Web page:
How Teaching with English Games Helps Children Learn
There are many ways to teach ESL/TEFL to children but one of the most exciting and rewarding ways to do it is by using English games.
English Games not only engage the children, but also teach through play – and most of the time the children don’t even know they are learning until the time comes to show their knowledge! It truly is possible (and almost necessary) to create a classroom where the students not only learn but also truly enjoy their time there.
Incorporating English games into the classroom can build interest in the class, put language in an interesting and meaningful context, give students a break from the pressures of learning a new language while giving the break a purpose, teach real world skills and, most importantly, build the student/teacher bond.
Building Interest in the Class
While many of us might not like to admit it, many children don't necessarily like the idea of being in our classes to learn a new language. Even more, as teachers we all know that even the most attentive children can get bored and lose focus on occasion. Incorporating English games is a great way to get out of the rut of language drills, worksheets, boring repetition and individual study. If you can find ways to keep the children interested in class (i.e. through fun English games), they will also find that they are interested in the topic – and will often absorb and retain more knowledge than if they are simply studying to pass a test or complete an assignment.
Friendly competition is also great to keep children interested – it often is the one encourager that they need to actively participate in any classroom activity. The outcome of the game (even if it is simply knowing the score at the end of the game) gives them a concrete and immediate incentive to use the language as dictated by the game.
Putting Language in Useful and Meaningful Context
Repetition is necessary for fluency, yet there is nothing more meaningless than repetition in a void. If you ask your class to keep repeating words back at you they’ll start to feel like parrots.
Also, if you want the children to practice conversation you have a few options. The problem with most options is that the class is either practicing this real life usage in small groups that don't have you there to observe and offer assistance or much of the class is left to work on their own while you have a conversation with one or two pupils at a time.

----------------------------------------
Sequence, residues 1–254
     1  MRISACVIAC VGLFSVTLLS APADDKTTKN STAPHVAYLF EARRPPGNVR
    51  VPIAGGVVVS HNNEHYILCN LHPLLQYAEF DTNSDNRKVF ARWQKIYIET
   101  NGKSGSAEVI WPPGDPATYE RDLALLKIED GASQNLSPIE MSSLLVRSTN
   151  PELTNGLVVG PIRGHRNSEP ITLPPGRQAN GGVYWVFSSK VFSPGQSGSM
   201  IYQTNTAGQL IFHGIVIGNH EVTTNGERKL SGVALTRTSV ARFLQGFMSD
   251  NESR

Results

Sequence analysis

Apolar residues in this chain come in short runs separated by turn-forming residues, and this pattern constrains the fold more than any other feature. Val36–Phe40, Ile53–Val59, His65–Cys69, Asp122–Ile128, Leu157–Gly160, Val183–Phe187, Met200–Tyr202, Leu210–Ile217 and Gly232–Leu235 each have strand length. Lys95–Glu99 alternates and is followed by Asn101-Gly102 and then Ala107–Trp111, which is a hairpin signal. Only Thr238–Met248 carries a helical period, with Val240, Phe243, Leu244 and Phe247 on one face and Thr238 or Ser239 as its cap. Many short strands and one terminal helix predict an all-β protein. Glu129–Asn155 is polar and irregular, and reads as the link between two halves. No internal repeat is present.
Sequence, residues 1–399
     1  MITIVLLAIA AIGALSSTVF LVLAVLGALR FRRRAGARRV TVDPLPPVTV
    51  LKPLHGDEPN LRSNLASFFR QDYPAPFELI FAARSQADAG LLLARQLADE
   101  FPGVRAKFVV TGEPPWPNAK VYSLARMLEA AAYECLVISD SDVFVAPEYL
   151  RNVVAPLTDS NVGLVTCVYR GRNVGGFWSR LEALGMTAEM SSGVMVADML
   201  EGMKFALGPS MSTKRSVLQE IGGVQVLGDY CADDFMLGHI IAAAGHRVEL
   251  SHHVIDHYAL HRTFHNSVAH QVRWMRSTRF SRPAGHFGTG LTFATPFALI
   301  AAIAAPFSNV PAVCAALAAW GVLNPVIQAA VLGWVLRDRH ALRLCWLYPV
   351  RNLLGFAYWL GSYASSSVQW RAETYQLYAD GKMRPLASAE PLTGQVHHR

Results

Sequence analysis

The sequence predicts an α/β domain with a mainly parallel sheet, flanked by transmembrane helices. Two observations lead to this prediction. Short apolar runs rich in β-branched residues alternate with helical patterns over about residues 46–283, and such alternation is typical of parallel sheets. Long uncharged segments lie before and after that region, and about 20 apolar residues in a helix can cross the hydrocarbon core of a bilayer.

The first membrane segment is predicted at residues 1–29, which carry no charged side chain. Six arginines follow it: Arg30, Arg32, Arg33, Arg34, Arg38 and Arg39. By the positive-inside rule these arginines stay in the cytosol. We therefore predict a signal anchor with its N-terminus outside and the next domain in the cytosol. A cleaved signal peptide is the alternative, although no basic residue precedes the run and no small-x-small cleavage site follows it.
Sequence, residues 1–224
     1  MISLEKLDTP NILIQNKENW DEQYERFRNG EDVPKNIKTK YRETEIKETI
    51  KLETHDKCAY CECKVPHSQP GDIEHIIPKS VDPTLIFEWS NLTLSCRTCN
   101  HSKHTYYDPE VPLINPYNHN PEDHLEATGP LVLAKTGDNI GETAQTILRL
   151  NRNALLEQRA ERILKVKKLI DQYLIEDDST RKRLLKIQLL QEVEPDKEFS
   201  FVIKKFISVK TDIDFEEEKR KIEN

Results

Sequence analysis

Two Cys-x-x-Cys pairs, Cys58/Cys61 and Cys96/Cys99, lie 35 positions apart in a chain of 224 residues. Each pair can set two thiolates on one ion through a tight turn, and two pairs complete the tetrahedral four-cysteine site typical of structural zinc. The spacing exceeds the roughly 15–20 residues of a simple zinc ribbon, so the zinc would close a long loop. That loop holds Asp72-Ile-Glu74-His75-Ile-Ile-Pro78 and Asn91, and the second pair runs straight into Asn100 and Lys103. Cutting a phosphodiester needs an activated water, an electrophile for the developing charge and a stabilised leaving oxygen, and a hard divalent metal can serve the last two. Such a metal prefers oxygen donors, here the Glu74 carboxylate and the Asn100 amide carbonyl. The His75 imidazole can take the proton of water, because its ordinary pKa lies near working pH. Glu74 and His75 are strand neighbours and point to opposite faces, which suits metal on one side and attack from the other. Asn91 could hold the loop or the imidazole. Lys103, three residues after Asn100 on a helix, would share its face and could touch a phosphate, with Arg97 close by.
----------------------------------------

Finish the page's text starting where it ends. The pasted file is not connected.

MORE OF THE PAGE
English Games solve this because they allow you to engage the entire class in activities that require practical use. When children learning ESL get this meaningful and contextual practice, the language becomes more vivid in their minds and they are better able to remember what they've learned and used.
Furthermore, English games often encourage pupils to use language spontaneously and to think for themselves and they give children the confidence they need to go out and use the language in real-world settings.
Giving Students a Break
Learning a new language is intense and even sometimes stressful. English Games allow ESL pupils to have a break from the rigor of learning a new language. If you find the right kinds of games this break can have purpose and make useful the time spent on the break because they are still practicing their skills. In addition, the students will be totally immersed in the focus of the game and they’ll be learning before they even realize what's happening.
Teaching Real World Skills
Teachers who successfully use English games in their classrooms will tell you there are more benefits than those just related to learning the language. English Games give opportunities for shy students to express themselves in a non-threatening environment. The class will learn to work together as a whole or as small groups. English Games can also promote competition in a healthy, fair manner, if you chose to use them that way.
Creating a Student/Teacher Bond
Finally, as a teacher I’m sure you want to build a bond with your pupils. Playing English games does this in so many ways. You’ll be able to show yourself as a person, not just a teacher, as you encourage your students to do well in the game, or join in with them. Playing games also creates a positive learning environment that allows children to relax and enjoy themselves and those around them.
While some people still look at games as "time fillers" in a classroom, when used correctly they can actually replace "traditional" teaching time with activities that give the students (and teachers) so many more benefits than lectures, worksheets and boring repetition.